“Based on the current way things are going, the best advice I would give to white people is to get the hell away from Black people. Just get the fuck away,” Adams said. “Wherever you have to go, just get away. Because there’s no fixing this. This can’t be fixed. So I don’t think it makes any sense as a white citizen of America to try to help Black citizens anymore. It doesn’t make sense. There’s no longer a rational impulse. So I’m going to back off on being helpful to Black America because it doesn’t seem like it pays off.”
The response from those same newspaper chains this time around, including many that still carry DOONESBURY, but ever sensitive to the feelings of liberal America, was swift and immediate, as Spengler further spouted:
Gannett Co. — the largest newspaper publisher in the U.S. — on Friday said the USA Today Network will cease publishing “Dilbert” immediately. The USA Today Network includes USA Today and more than 300 local media outlets in 43 states. “Recent discriminatory comments by the creator, Scott Adams, have influenced our decision to discontinue publishing his comic,” Gannett said in a statement. “While we respect and encourage free speech, his views do not align with our editorial or business values as an organization:
On Friday, Cleveland’s The Plain Dealer announced that “Dilbert” will no longer be published in the newspaper because of Adams’ “racist rant.” Chris Quinn, VP of content for the Plain Dealer/Cleveland.com, wrote in a note to readers that other papers owned by parent company Advance Local also independently made the same decision to stop running the strip. That includes Advance Local newspapers in Michigan, New York, Pennsylvania, New Jersey, Alabama, Massachusetts and Oregon.
“This is not a difficult decision,” Quinn wrote. “We are not a home for those who espouse racism. We certainly do not want to provide them with financial support.” He added, “Until we decide what to replace ‘Dilbert’ with, you’ll likely see a gray box where it has been appearing.”
An empty gray box seems somewhat apropos for a dying industry once more successfully open to a diversity of opinions, in a landscape appropriately black AND white.
No one, certainly not me, can defend Adams’ viewpoints. Especially since they were offered up by ADAMS. And regardless of what Adams’ personal experiences have been, he was inexcusably out of order for choosing to offer them in the manner that he did.
But was the survey that he quoted that forged his opinion completely inaccurate? Do 47 per cent of African American respondents indeed disagree with the statement “It’s OK To Be White”? What did they interpret that phrase to mean? Was any qualitative component of that research done to give, forgive the phrase, color commentary to what may have driven that disturbing percentage? Has such follow-up research even been thought of being commissioned, especially in light of such dramatic and draconian results?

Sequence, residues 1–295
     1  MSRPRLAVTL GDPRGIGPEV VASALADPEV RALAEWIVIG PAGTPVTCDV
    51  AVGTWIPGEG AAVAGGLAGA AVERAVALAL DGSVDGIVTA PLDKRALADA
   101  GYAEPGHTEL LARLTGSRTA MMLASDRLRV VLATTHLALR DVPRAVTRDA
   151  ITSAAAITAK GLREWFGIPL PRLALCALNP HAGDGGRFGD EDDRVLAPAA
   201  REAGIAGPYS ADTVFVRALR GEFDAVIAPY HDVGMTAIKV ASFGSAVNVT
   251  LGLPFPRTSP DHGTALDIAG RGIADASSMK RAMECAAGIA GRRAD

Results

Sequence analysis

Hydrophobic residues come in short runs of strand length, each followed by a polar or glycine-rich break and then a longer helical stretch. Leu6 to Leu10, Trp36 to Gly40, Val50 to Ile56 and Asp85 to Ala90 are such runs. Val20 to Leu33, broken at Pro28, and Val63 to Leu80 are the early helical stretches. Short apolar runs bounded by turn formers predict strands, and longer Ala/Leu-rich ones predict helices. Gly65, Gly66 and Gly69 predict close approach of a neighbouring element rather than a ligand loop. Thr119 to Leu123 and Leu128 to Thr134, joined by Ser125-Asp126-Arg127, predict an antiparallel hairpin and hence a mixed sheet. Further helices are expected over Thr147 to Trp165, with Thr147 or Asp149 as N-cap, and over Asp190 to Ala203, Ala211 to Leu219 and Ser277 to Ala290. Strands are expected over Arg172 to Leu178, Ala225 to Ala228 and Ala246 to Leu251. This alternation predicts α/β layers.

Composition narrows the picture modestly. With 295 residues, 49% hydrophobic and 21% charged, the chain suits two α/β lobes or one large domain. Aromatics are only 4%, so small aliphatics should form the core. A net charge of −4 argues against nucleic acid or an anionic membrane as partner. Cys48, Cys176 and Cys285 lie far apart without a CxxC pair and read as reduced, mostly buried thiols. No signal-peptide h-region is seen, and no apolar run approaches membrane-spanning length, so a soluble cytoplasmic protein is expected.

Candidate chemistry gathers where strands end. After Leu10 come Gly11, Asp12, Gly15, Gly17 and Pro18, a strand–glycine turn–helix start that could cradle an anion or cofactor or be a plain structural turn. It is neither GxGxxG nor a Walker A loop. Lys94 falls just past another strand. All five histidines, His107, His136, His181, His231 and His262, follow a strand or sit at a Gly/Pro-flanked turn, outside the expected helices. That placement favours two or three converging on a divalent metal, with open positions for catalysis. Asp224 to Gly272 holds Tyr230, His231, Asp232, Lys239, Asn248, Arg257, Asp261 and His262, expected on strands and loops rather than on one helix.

And what if Adams was more skilled in using his talents to offer his “opinions” through the filter of Dilbert, rather than make an even more feeble attempt to use TV than he chose to do when he opted for a short-term financial hit a quarter-century ago from a network that didn’t survive another decade on its own?
Scott Adams appears to have little remorse for his statements, and is apparently financially well off enough to not give a rat’s ass what anyone else may think, regardless of ethnicity or ideology. No one will or should cry him a river, or be tolerant of his ill-conceived choice to voice his personal opinions.
But what’s gonna happen to Dilbert? Does he deserve the same fate of the office itself? After all, we really don’t know what he thinks. We just know he needs to iron his ties a tad better (not that a lot of men wear ties, or often even pants, to work much any more).
Since Adams appears to be out of pocket, and since what’s left of publishing appears determined to personally cancel him in a way they never saw fit to do to Trudeau, or many other cartoonists, even in more jingo-istic eras of days long before DOONESBURY, I’ll merely offer up to our sad little nerdy engineer that this might be a time to actually give context to what the real issue worth reporting seems to be.
Do 47 percent of African Americans really believe it’s NOT OK to be White? And, if so, why the f–k do they?
I’d love to spearhead an objective, intelligent follow-up study on that. Yeah, I know, that might actually require a media company to make an investment. Probably not the economic climate to think that should be a priority. I’d argue it would a timely and worthwhile exploration for SOMEONE to do. Both hands raised if SOMEONE with clout might agree.
So maybe we just have to let Adams live with the reality that he threw his doppleganger out to sea, never to return? After 34 years of indentured servitude, Dilbert was probably eligible for early retirement anyway, and given his office was supposedly set in Silicon Valley humans are probably on the way to being fully replaced anyway. That pandemic sure has accelerated those kinds of efforts, and they’ve probably been engineered by folks with Dilbert’s skill sets working far, far away, and probably wouldn’t be invited to lunch by Adams any time soon. Cuz we kinda know what Adams thinks of people who don’t look like him or Dilbert,
So, then, let’s just ask this little fella what he thinks?
Assuming, of course, we want to know what and why any species thinks the way it does these days at all.
I’m merely asking. I have no worthwile opinion. I wish Scott Adams didn’t have his. I’m more concerned about those he referenced. So should you.
Until next time…